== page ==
An evaluation of possible transmission of Holocaust-related trauma to the third generation / by Susan C. Kassai.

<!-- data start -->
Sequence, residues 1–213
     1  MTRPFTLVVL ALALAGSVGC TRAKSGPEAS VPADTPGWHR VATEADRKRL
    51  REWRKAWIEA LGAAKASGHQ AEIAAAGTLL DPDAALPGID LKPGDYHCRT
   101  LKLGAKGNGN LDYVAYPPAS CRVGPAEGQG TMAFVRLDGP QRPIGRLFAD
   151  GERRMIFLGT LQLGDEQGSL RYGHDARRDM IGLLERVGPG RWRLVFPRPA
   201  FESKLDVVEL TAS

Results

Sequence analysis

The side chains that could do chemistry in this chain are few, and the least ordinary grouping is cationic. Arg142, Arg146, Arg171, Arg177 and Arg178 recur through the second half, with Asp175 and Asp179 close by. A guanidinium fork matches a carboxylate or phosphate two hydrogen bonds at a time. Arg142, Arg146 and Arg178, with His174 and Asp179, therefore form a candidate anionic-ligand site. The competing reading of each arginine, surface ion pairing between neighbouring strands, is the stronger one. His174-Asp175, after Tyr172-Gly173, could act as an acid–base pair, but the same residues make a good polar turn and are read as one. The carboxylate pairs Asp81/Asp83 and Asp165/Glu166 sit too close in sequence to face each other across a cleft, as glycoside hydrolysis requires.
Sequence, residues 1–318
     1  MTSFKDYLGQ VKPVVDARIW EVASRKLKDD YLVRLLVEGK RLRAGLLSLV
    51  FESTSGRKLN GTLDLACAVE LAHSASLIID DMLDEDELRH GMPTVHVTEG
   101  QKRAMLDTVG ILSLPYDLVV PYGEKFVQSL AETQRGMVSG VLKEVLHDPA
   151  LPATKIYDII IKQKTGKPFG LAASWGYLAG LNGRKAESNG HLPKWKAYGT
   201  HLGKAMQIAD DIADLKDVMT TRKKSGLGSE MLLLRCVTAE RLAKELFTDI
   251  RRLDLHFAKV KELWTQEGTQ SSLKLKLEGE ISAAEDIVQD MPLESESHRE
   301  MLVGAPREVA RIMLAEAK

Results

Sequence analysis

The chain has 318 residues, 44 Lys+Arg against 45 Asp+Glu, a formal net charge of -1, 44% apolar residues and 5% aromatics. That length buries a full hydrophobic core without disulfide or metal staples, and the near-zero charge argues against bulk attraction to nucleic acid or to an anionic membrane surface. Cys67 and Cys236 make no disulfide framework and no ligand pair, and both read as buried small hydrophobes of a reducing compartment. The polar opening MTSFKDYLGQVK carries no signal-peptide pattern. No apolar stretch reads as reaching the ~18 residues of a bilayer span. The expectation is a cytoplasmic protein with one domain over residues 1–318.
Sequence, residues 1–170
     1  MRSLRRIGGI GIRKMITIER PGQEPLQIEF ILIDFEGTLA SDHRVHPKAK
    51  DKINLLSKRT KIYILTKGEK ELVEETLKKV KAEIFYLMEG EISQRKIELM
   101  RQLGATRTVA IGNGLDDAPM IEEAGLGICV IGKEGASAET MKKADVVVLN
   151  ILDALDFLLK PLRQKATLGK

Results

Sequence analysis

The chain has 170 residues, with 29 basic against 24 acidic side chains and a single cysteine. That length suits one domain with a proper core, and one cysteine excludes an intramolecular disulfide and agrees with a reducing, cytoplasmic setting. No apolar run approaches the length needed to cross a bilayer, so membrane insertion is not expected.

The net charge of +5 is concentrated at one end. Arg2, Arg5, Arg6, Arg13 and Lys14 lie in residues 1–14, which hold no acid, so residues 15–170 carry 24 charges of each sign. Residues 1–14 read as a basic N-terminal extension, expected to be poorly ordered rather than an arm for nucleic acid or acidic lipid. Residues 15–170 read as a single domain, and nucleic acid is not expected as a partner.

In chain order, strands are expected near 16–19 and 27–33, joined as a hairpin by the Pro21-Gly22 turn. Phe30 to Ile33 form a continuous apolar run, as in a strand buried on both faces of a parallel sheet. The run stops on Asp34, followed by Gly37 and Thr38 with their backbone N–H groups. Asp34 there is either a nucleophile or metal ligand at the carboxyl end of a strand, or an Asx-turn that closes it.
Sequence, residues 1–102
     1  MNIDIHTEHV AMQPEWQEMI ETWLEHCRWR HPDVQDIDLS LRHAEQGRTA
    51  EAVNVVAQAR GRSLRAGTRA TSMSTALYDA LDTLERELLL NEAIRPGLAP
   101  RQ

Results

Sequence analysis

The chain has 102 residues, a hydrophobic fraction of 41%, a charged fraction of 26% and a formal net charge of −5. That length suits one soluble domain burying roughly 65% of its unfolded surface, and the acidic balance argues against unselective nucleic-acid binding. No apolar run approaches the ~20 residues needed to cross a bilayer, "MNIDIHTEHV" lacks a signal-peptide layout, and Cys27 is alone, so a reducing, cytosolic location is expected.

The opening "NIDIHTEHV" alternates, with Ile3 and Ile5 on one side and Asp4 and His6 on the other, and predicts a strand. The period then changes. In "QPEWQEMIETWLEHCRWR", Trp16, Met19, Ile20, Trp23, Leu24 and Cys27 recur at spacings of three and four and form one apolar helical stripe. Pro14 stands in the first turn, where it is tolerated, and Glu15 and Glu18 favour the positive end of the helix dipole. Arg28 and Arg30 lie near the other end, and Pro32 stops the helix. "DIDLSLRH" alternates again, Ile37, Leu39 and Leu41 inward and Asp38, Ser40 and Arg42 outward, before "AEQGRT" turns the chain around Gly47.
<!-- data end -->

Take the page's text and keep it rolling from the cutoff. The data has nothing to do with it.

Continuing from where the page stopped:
The primary purpose of this study was to investigate whether grandchildren of Holocaust survivors (placed in concentration camps) were more prone to suffering from PTSD symptoms than two other matched control groups: grandchildren of Jewish non-immigrants (native-born); and grandchildren of Non-Jewish immigrants. As part of the proliferation of the literature regarding Post Traumatic Stress Disorder (PTSD), it has been well established that PTSD symptoms can be transmitted from parents to children. This has been confirmed most often with respect to Vietnam War Veterans and Holocaust survivors, whose children often suffer from various PTSD related symptoms. Previous research has not yet established whether an identical transmission of PTSD symptoms can occur from the second generation to a third.The measures employed in conducting this study were the Secondary Trauma Scale (STS), the Impact of Events Scale-Revised (IES-R), the State-Trait Anxiety Inventory (Form Y) (STAI), and a Modified Stroop Procedure which was comprised of colored Holocaust trauma-related words, positive words, neutral words and obsessive compulsive disorder words. Each set of stimuli was printed on a separate card and the participants were only required to name the colors in which the stimuli are printed. The Modified Stroop Procedure has not previously been used in research regarding to the transmission of Holocaust related PTSD. Demographic information was also obtained regarding family history.Results indicate that all three groups exhibited longer response latency for the PTSD Holocaust-related stimuli card thereby indicating an increased sensitivity across all populations regardless of race or religion. The grandchildren of Holocaust survivors and the grandchildren of Non-Jewish immigrants scored significantly higher than the grandchildren of Jewish Americans on the Secondary Trauma Scale as well as the Avoidance subscale of the IES-R. This finding suggests a possible immigration effect for these groups. There were no other significant differences across the other measured employed in this study. These conclusions can be construed as persuasive evidence that, with respect to Holocaust-induced secondary trauma, the residual impact is diminished to such an extent by the third generation that the differences between grandchildren of Holocaust survivors and the overall population is statistically non-significant.
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